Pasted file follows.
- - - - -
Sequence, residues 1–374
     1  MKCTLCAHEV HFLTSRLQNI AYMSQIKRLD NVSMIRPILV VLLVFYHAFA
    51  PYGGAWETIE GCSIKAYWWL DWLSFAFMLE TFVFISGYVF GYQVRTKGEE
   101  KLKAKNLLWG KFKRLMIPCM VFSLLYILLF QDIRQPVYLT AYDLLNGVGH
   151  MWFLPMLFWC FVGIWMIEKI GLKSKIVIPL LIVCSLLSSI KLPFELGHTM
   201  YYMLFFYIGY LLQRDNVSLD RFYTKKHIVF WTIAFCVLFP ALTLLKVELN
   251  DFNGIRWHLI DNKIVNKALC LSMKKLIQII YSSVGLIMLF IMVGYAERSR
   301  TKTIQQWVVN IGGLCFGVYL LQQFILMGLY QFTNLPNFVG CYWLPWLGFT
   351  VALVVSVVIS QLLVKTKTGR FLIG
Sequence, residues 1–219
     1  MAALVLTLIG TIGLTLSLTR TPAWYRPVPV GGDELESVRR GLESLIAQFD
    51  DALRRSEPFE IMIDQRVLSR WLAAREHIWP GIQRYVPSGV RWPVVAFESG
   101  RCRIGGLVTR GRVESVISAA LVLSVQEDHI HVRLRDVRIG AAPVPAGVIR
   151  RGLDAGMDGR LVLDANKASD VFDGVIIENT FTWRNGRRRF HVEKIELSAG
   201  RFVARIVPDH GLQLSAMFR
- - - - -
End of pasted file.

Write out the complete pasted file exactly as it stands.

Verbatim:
Sequence, residues 1–374
     1  MKCTLCAHEV HFLTSRLQNI AYMSQIKRLD NVSMIRPILV VLLVFYHAFA
    51  PYGGAWETIE GCSIKAYWWL DWLSFAFMLE TFVFISGYVF GYQVRTKGEE
   101  KLKAKNLLWG KFKRLMIPCM VFSLLYILLF QDIRQPVYLT AYDLLNGVGH
   151  MWFLPMLFWC FVGIWMIEKI GLKSKIVIPL LIVCSLLSSI KLPFELGHTM
   201  YYMLFFYIGY LLQRDNVSLD RFYTKKHIVF WTIAFCVLFP ALTLLKVELN
   251  DFNGIRWHLI DNKIVNKALC LSMKKLIQII YSSVGLIMLF IMVGYAERSR
   301  TKTIQQWVVN IGGLCFGVYL LQQFILMGLY QFTNLPNFVG CYWLPWLGFT
   351  VALVVSVVIS QLLVKTKTGR FLIG
Sequence, residues 1–219
     1  MAALVLTLIG TIGLTLSLTR TPAWYRPVPV GGDELESVRR GLESLIAQFD
    51  DALRRSEPFE IMIDQRVLSR WLAAREHIWP GIQRYVPSGV RWPVVAFESG
   101  RCRIGGLVTR GRVESVISAA LVLSVQEDHI HVRLRDVRIG AAPVPAGVIR
   151  RGLDAGMDGR LVLDANKASD VFDGVIIENT FTWRNGRRRF HVEKIELSAG
   201  RFVARIVPDH GLQLSAMFR